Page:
Fri, 14 February 2020
On this episode, we take on the remainder of King Follett from his internment in the Columbia, Missouri jail to his death in Nauvoo. He’s acquitted of his robbery charges, arriving in Quincy, Illinois in October 1839 in a completely overcrowded and destitute state. He works with the Mormon refugees to help build Commerce into Nauvoo, build public works projects, construct houses, staff on city committees, and a litany of other services. The Follett family become regular attendees of many active church leadership groups. Louisa Follett joins the Relief Society on its second meeting. Two of King and Louisa’s sons join important missions and the ranks of a Quorum of Seventies. King Follett donates his tithing of time to the Temple Building Committee in addition to being paid by the Temple Committee in vouchers for additional work on the Nauvoo Temple. He, like many others, exchanged his temple vouchers for goods at the Temple Store. Finally, we discuss King Follett’s untimely death at age 55 in March of 1844. He was a beloved member of the community with a funeral procession extending a mile and buried with Masonic honors. We briefly follow the lives of his surviving family after his death and read a bit from Louisa Follett’s small but consequential journal.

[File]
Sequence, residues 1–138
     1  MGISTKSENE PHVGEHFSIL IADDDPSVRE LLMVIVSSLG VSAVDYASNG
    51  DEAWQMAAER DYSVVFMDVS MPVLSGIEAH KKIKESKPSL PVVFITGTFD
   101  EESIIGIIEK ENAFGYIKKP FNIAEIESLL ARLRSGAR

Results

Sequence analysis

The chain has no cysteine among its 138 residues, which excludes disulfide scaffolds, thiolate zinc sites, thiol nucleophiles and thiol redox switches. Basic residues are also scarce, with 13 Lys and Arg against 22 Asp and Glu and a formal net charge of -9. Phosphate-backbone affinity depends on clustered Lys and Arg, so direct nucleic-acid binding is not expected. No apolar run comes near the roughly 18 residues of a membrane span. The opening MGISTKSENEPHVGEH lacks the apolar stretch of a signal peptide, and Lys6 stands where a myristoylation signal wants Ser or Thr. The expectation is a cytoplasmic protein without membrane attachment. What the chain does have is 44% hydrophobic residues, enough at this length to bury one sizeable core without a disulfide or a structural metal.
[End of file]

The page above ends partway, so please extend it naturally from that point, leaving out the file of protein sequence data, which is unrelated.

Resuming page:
The Man Behind the Discourse: The Biography of King Follett by Joann Follett Mortensen